Melanomas in gray horses are most frequently found on the undersurface of the tail (about 95%). The next most likely location is around the anus and vulva of mares. They can also be found on the lips, eyelids, penis and sheath.
Melanomas are not limited to gray horses. Melanomas in other horses are found on the body or legs. Metastasis (spread) apparently occurs via the blood stream, carrying the tumor cells virtually anywhere. Metastases have been found in the skeletal muscles, gutteral pouches, salivary glands and anywhere in the chest or abdomen. There was even a recent report of spread to the brain.
However, while any horse with melanomas might eventually experience spread, metastasis to distant sites is much more common when melanomas appear on non-gray horses. On microscopic examination, melanomas in non-gray horses are much more similar to the aggressive and deadly melanomas found in people. (See table for types of melanomas.) Gray horses may live several years after the appearance of melanomas before the tumors show any spread beyond a local increase in the number of tumors.
Why gray horses are so prone to melanomas is currently unknown. In humans, sunlight is implicated as a factor, especially in the transformation of benign lesions into malignant melanomas, but melanomas in gray horses typically occur ”where the sun don’t shine.” One theory is that as gray horses age and their coats typically get whiter, the melanin that would otherwise be deposited in the hair is stored in increasing amounts in the skin.
There’s still considerable disagreement regarding how melanomas in horses can/should be classified microscopically, and what microscopic findings mean in terms of how aggressive the tumors are. However, the bottom line for an individual horse is still that it’s often impossible to predict how these tumors are going to behave. In horses with the slow-growing tumors, they’re often more a cosmetic problem than anything else.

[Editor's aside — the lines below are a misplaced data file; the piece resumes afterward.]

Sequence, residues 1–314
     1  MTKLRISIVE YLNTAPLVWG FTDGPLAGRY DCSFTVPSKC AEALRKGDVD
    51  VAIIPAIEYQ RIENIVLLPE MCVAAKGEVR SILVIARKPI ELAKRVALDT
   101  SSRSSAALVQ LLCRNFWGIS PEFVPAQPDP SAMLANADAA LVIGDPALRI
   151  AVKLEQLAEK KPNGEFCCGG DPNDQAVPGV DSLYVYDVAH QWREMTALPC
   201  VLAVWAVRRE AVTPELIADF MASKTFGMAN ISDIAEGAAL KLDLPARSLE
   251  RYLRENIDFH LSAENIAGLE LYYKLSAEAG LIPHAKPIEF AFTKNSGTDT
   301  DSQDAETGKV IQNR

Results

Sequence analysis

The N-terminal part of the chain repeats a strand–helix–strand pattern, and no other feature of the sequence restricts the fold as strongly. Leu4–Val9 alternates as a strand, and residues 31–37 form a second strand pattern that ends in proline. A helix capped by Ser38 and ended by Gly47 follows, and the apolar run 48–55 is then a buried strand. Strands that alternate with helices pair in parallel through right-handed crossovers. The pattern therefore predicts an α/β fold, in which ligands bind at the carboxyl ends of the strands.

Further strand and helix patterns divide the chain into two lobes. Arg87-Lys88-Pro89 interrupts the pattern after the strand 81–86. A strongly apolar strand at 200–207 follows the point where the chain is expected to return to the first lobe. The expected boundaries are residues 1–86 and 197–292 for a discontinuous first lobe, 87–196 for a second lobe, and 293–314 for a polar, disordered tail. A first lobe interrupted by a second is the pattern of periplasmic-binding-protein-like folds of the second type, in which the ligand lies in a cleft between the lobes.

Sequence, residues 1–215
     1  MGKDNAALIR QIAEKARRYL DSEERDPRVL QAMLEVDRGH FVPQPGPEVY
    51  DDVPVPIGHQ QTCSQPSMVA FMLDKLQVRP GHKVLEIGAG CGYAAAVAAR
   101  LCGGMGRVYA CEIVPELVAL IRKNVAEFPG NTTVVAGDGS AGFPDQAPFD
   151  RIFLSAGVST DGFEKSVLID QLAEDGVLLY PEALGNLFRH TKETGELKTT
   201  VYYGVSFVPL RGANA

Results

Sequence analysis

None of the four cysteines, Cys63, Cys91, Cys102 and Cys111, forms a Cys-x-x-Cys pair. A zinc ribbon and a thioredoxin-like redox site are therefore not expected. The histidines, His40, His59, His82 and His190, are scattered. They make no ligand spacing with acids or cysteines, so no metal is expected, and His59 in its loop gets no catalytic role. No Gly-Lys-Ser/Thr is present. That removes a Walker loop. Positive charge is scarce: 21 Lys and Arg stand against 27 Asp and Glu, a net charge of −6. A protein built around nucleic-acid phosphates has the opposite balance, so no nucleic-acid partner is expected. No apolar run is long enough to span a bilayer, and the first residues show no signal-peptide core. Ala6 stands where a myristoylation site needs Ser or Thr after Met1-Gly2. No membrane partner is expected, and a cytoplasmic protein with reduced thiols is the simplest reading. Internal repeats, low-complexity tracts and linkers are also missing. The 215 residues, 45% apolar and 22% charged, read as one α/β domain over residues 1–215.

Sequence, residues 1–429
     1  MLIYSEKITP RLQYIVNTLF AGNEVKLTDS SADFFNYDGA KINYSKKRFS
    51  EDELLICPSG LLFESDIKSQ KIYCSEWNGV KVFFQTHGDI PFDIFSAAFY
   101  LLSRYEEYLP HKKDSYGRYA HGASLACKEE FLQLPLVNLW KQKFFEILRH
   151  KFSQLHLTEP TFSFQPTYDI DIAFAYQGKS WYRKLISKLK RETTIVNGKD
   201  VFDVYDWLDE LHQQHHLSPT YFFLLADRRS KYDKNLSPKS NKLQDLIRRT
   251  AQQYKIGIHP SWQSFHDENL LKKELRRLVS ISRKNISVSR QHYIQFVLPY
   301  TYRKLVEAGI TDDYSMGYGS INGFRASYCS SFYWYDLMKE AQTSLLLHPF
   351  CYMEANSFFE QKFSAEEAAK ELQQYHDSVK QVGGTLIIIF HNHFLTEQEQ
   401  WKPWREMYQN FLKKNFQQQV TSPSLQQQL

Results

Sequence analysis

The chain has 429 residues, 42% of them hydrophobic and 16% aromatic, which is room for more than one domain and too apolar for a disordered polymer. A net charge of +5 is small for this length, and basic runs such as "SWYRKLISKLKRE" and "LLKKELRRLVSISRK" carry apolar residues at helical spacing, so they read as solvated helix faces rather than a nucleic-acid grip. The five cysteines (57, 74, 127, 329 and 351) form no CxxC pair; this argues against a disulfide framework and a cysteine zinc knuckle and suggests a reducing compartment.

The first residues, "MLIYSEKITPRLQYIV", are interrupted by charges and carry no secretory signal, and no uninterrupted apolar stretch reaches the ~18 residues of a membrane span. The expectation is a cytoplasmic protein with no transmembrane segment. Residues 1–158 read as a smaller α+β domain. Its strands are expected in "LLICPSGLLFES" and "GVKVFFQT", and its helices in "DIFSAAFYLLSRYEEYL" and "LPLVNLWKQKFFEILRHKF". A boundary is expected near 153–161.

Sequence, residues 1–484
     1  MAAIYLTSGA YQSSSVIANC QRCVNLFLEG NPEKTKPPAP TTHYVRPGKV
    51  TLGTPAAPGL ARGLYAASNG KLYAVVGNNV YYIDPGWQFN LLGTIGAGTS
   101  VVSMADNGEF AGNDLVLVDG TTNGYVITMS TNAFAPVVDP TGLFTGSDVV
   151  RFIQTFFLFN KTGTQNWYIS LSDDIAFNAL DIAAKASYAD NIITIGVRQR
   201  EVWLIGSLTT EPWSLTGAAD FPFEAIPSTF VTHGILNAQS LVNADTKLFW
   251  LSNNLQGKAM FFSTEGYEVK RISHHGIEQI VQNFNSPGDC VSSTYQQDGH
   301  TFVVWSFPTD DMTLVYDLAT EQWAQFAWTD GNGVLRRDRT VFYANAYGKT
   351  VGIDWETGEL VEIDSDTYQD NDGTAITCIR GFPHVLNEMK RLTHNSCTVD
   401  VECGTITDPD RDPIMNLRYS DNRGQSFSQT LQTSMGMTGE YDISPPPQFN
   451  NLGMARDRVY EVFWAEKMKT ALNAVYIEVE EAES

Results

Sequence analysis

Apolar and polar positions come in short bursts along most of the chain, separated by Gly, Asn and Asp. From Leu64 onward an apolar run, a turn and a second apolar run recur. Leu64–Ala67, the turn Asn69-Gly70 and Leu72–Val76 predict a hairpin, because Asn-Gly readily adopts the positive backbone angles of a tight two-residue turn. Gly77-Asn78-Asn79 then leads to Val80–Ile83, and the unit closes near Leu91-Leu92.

Problems related to internal tumors depend heavily on where they are located. In rare cases of spread to the spinal cord or heart, consequences can be fatal, while melanomas in the salivary glands are disfiguring but rarely interfere with eating. Large tumors in the anal or vulvar region can cause problems with defecation, urination or breeding. Many, if not most, gray horses with skin melanomas also have melanoma growths in their gutteral pouches. Those can change frequently in their size and number but usually don’t cause serious problems such as invasion of blood vessels and serious hemorrhage, although this can happen.
One common problem with all types of melanomas is irritation of their surface resulting in ulceration and bleeding. Cryotherapy (freezing) is often the treatment of choice for this. It won’t cure the tumor, but does significantly reduce the size and stop the bleeding problem.
The prevailing veterinary opinion is that melanomas should be considered incurable and that benign neglect is the best treatment approach, until and unless problems arise. To the extent that melanomas in aged gray horses likely represent a body-wide change/abnormality in production and/or handling of melanin, that is probably correct. However, some of the prevailing wisdoms regarding melanoma should be re-examined.
You may have heard that surgical removal of melanomas is dangerous and triggers spread. However, a search of the literature does not support that idea. While it’s true that melanomas with particularly malignant features may exhibit explosive spread if disturbed by a surgery, this is apparently a rare occurrence with melanomas. As a safeguard, needle aspiration of the tumor for cytology can be done prior to surgery.
Surgery is usually only considered if a tumor becomes a problem in its location, e.g. is interfering with function or is ulcerating. However, it’s also an option for horses who have only one or two tumors and is usually curative. In horses with multiple tumors, surgery can be considered for only the ones that are causing problems. Tumors that have ulcerated or are causing problems because of their location can also be effectively reduced by cryotherapy (freezing), although this is not curative.
Otherwise, there are few treatment options. Melanomas respond poorly, if at all, to radiation and chemotherapy. Based on work with human melanomas, vaccines have been suggested but have not produced exciting results to date. The antiulcer drug cimetidine (Tagamet) apparently causes tumor shrinkage for variable time periods in some horses, and in others does not work at all. Immunotherapy showed promising results in one trial, but we’re a long way away from having this be an option.